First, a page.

Zero follow up
The shocking part was post the media drives there was nothing. I had to bang my head against the phone to get a test car in Pune post the media drives. There were no ads for JTP which sounds like me drumming up business for my magazine but truth is evo India and other automotive magazines reach out to the precise target audience that JTSV needed. With no communication post, our first drive people forgot about JTP. And you have to remember JTP needed to not only build a brand identity but also shed the Tata Motors baggage. They said they don’t have a budget. But that’s a classic case of leaving things to their media buying agency who crunched numbers the conventional Tata Motors way without a clue about the target audience and how to reach them via the specialist automotive media. And magazine advertising is very, very reasonable, costing next to nothing compared to newspaper or TV ads. Heck, it’s a rounding off error compared to Tata Motors’ IPL sponsorship! More missed opportunities.
I remember I was going to Coimbatore for a race weekend and called the JTP guys asking if we do a story of their cars at the Kari track, even go down to Jayem’s facilities and spin-off a feature on the home of JTP. I was traveling on my own, staying on my own, I only needed JTP to get me access. Nothing happened.
To be fair JTP launched just when the market collapsed and the whole BS6 change over started gathering steam and Tata Motors has to devote time and energy into sorting out those massive challenges while also gearing up for mass market products.
Same Tata Motors channels
Months after the JTP drives I went to the Tata Motors dealership in Pune to collect the Harrier test car. The dealership was a mess. Cars were parked haphazardly outside the dealership. Banners were sellotaped to the roof. An office boy walked past me with bags filled with what I can only presume to be biryani leaving me, and everybody in that dealership, with massive hunger pangs. Parked outside, among a whole bunch of cars was one red Tiago JTP. Inside the dealership was one JTP standee. And that was that. No way I would have bought a JTP from that dealership. What would I have done? Start JTP with only one dealership in every city and have one small, dedicated corner in the dealership for JTSV. Train one young person from the dealership on what JTP is about and let him/her stand out from the others in a JTP t-shirt, jeans and sports shoes. More than that, have a track test once every month at Coimbatore. Enthusiasts book a slot, get picked up at Coimbatore airport, and attend a half-day track session with JTSV engineers who demonstrate what the car can do. You can do 200 customers over a weekend and at least half would convert, if not more. And those customers would ensure a cascading word of mouth. And imagine the social media content you’d get out of this.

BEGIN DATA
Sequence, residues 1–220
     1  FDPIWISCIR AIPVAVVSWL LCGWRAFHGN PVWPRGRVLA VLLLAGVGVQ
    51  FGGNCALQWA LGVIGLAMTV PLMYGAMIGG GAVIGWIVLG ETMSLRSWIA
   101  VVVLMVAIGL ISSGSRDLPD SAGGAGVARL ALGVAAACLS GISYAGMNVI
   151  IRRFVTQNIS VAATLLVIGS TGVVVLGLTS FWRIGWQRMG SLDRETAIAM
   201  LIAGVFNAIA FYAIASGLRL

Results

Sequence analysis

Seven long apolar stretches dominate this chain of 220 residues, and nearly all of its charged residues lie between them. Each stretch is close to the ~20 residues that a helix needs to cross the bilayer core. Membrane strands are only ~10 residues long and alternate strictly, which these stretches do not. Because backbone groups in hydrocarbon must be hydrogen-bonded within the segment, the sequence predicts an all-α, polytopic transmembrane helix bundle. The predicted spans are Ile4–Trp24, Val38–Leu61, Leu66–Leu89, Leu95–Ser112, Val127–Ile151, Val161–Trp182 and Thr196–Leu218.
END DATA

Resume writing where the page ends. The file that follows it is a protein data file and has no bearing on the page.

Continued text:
As much as magazines are important so too is social media, Instagram in particular. Check out the JT Performance Cars here. A classic case of an agency running an account without knowing anything about the brand. There’s not one post that connects with the enthusiast. There’s no human element. Nothing to enthuse the enthusiast. I cannot see the purpose of this account.
Were the cars any good?
After all good cars sell, poor cars do not. The JTP cars were good. Not as good as the Polo GT and it’d struggle even more compared to the new Polo 1.0 TSI but for the Rs 6.4 lakh price it offered great value for money. And it was a hoot to drive. We did a comparison test on the Indi-karting go kart track in Mumbai and the Tiago JTP handled brilliantly. There was so much front end bite the inside rear wheel lifted big time, like a stiff and rigid hot hatch should. The engine spun up with a raw enthusiasm that got our enthusiast juices going. Pratap Bose and his team did a good job in upgrading the styling of the JTP cars (I say this about the Tiago, I never liked the Tigor compact sedan to start with). It was definitely worth the money, a great start to the brand story. And it also spat fuel from the fuel filler, the dealer that gave us the car forgot to screw the fuel cap properly.
That was the JTP story. A great idea that didn’t get the love, the push and the passion it deserved to succeed. It needed a racer with a marketing brain to run the project, a 35-40-year-old with fire in their belly. And it needed investment to stand on its own two feet. What it ended up being was a gentle poke in the belly of the enthusiast. The conservatism in the entire project was evident right at the start when they kept insisting that they weren’t targeting only the enthusiast but also the general car buyer who would be swayed by the extra equipment and styling kit at the attractive price point. Which was of course smart thinking, broad basing their customer base, but that also meant they didn’t go after the enthusiast with a hammer, tong and vengeance. Which meant no rabid fans to bang the JTP drum. And now JTP is no more. So much potential. Left unrealised.